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After a night of karaoke with friends in Brookings, Oregon, in November 2018, Jennifer Gayman, 50, started to make her way home on her mobility scooter—a device she’s reliant on for transportation due to her multiple disabilities.
But two Brookings police officers stopped Gayman on her way there.
The cops accused her of using her scooter on a sidewalk, failing to walk it across a crosswalk, and not wearing a helmet—low-level offenses that triggered a dispute in which Gayman repeatedly brought up her rights as a disabled person. The cops then proceeded to cite her on multiple offenses, including “unsafe operation of a motor assisted scooter,” before telling her that she couldn’t ride her mobility device back to her residence without the proper protective headgear, according to a federal lawsuit she filed in 2020.
So, “faced with the choice of exercising her rights to drive home [on the scooter], and face unlawful retaliation by the officers, or attempt to walk home in freezing temperatures,” Gayman opted to use the scooter, according to her lawsuit.
That was apparently enough to spur a low-speed police chase that ended in Gayman’s garage. Cops restrained Gayman and charged her with fleeing police. She was later convicted and sentenced to five days in jail, according to the Oregonian.
Now, more than two and a half years after her initial arrest, the Oregon Court of Appeals said Gayman should have never been convicted with “fleeing or attempting to elude a police officer” in the first place. The appeals court reversed Gayman’s conviction in a ruling on Wednesday.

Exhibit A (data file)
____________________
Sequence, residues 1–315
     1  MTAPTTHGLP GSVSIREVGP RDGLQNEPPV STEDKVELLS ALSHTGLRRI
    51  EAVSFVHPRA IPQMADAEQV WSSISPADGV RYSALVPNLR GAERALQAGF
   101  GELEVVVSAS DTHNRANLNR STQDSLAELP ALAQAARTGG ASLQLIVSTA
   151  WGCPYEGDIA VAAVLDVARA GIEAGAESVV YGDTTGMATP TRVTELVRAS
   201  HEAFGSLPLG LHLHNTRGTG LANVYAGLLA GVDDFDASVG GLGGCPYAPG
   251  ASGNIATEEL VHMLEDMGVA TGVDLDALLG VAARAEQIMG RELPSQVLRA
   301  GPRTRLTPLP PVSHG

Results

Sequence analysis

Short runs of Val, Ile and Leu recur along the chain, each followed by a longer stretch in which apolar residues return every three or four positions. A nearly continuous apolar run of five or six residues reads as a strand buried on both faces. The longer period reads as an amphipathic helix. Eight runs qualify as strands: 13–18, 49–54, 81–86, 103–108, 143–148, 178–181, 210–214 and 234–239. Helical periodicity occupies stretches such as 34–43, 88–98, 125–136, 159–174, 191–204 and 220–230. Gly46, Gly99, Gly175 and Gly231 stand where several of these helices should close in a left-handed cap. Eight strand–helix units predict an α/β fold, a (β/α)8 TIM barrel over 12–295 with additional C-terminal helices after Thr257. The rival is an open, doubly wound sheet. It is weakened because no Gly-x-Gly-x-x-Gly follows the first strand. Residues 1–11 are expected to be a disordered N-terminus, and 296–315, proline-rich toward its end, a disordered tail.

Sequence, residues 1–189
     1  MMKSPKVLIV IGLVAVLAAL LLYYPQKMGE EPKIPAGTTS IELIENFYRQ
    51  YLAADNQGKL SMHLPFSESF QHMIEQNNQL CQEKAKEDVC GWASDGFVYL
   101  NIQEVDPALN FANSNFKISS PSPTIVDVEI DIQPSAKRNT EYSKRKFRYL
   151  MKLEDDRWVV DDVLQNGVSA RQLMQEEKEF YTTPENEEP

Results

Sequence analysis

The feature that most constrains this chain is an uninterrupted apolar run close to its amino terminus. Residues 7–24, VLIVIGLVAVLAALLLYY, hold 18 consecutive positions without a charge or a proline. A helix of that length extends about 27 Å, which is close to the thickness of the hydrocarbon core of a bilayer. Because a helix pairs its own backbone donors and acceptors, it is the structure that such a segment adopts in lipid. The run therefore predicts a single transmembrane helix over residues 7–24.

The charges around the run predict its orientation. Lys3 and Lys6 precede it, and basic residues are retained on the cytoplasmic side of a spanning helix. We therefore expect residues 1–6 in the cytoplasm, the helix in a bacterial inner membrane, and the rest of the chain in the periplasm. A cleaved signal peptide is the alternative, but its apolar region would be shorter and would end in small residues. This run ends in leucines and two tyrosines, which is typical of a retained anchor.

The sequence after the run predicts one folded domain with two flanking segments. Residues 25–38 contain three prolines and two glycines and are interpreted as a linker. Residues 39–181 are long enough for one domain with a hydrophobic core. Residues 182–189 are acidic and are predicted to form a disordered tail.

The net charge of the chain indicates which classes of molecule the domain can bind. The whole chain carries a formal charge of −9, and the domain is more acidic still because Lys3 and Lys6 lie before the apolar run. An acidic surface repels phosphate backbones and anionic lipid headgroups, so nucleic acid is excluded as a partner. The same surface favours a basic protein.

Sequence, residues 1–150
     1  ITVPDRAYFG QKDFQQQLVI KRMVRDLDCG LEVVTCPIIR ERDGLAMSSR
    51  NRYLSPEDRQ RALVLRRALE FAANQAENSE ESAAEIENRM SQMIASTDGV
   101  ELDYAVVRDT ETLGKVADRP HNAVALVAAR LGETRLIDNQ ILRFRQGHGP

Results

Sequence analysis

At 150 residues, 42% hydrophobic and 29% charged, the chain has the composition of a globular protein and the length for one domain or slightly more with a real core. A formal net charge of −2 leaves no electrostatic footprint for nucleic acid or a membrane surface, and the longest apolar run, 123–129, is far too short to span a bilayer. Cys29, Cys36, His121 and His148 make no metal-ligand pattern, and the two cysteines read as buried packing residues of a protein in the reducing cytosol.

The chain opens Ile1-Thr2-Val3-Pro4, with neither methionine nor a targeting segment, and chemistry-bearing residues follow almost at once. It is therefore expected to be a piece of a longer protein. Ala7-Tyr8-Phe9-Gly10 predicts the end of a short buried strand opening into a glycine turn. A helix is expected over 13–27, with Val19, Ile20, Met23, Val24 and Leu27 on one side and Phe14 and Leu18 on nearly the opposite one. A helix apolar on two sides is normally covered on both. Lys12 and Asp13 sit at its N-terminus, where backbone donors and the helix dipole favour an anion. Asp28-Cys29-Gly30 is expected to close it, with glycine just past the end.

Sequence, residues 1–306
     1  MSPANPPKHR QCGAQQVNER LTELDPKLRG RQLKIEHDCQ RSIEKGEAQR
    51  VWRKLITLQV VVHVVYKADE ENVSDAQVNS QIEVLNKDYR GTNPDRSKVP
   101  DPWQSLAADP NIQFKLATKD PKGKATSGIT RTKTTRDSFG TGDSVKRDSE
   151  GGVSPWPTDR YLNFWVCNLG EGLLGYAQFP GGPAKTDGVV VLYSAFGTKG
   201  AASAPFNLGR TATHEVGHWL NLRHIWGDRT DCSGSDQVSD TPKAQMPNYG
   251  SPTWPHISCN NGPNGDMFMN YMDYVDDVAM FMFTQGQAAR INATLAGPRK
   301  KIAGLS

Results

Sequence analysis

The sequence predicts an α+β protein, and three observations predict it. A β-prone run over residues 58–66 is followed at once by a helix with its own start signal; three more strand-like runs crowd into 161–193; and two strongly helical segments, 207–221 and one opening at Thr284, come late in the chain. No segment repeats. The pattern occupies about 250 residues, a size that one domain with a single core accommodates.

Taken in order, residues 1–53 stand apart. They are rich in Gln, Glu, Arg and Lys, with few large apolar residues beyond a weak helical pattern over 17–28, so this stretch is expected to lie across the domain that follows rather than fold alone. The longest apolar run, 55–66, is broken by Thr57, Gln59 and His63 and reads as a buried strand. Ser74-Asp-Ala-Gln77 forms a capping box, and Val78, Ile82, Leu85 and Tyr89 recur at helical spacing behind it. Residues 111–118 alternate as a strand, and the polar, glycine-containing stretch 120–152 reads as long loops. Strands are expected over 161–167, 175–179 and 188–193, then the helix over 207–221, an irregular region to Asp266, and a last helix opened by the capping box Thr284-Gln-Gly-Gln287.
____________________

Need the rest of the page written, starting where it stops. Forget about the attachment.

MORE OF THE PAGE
“An essential element of the offense of fleeing or attempting to elude a police officer was that defendant had to be operating a motor vehicle,” the court wrote. “The state did not put on any evidence that defendant was operating a motor vehicle when she, a disabled person, operated her motor assisted scooter in a sidewalk and crosswalk and then left the scene, after being stopped and cited by police.”
It’s unclear whether the state intends to appeal; a spokesperson for the Oregon Department of Justice didn’t immediately return VICE News’ request for comment. The Brookings Police Department also didn’t immediately respond to a request for comment.
Gayman’s 2020 lawsuit notes that under requirements of the Americans with Disabilities Act, “covered entities” like cities must accommodate people who use mobility devices. Certain local rules—like wearing a helmet—also don’t apply when people are utilizing them.
Gayman uses a mobility scooter because she can’t get a valid motor vehicle driver’s license; she has disabilities including Best’s disease with macular degeneration of both eyes, chronic obstructive pulmonary disease, asthma, lumbar degeneration that causes pain, and peripheral neuropathy, which can cause numbness or weakness in her hands and feet.
When officers first stopped Gayman in November 2018, she was outraged, according to her lawsuit. She tried to explain her disability, that the mobility scooter was prescribed to her, and that she “was legally entitled to go anywhere on it that was open for pedestrian use pursuant to the Americans with Disabilities Act,” according to the suit. She also said that she was cold and needed to go home. At some points, Gayman cursed and yelled at the police. Then, when cops told her she couldn’t leave without a helmet, she drove off.
“In a brazen and clumsy display of authority, officers pursued Plaintiff on her mobility scooter at approximately 15 miles per hour for the next several minutes, called for backup, and turned on full lights and sirens,” Gayman’s lawsuit alleges.
“This pathetic and low-speed chase ended at Plaintiff’s home, where several officers took hold of and arrested Plaintiff.”